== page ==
What is aerodynamics? The word comes from two Greek words: aerios, concerning the air, and dynamis, which means force. Aerodynamics is the study of forces and the resulting motion of objects through the air. Humans have been interested in aerodynamics and flying for thousands of years, although flying in a heavier-than-air machine has been possible only in the last hundred years. Aerodynamics affects the motion of a large airliner, a model rocket, a beach ball thrown at the beach, or a kite flying overhead. The in swing delivery by a fast bowler in cricket gets its swing from aerodynamics.

Aerodynamics engineers study the way in which air flows around objects. One objective of aerodynamic studies is the design of shapes that offer the least resistance to the flow of air. Air has a resistance to any object moving through it. The shape of an object influences air resistance.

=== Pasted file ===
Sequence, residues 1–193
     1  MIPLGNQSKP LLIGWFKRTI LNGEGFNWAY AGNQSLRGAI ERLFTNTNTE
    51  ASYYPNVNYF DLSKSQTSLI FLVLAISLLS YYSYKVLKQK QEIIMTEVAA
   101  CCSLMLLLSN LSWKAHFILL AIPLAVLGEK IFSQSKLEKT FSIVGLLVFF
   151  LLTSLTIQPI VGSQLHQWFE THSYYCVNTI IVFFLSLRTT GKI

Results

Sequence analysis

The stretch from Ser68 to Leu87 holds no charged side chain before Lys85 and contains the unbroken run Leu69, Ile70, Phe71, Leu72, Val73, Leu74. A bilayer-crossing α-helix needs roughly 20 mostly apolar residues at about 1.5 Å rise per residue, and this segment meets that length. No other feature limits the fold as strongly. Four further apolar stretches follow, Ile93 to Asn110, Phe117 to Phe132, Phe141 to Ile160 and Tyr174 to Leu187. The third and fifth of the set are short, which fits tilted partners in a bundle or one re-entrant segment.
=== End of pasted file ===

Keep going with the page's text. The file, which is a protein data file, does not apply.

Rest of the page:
Air resistance is referred to as aerodynamic drag. If a moving object is streamlined, the air will flow around it smoothly and cause less drag, therefore needing less energy to move the object. Such a design is considered to be aerodynamically efficient. When an object produces poor airflow, more energy is required to push it forward.

One goal of the teams who design solar cars is to achieve extremely low aerodynamic drag while still maintaining a suitable surface for the solar cells and adequate space for the driver and the other components. Testing proposed aerodynamic shapes is generally done in one of two ways. The first is to build scale models that are tested in a wind tunnel to simulate airflow across the car. The second is to use a powerful computer program that does the same kind of airflow simulation using a computer-generated model of the car.

View the video below to see a basic view into the aerodynamics of the Formula 1 car explained by Martin Brundle.

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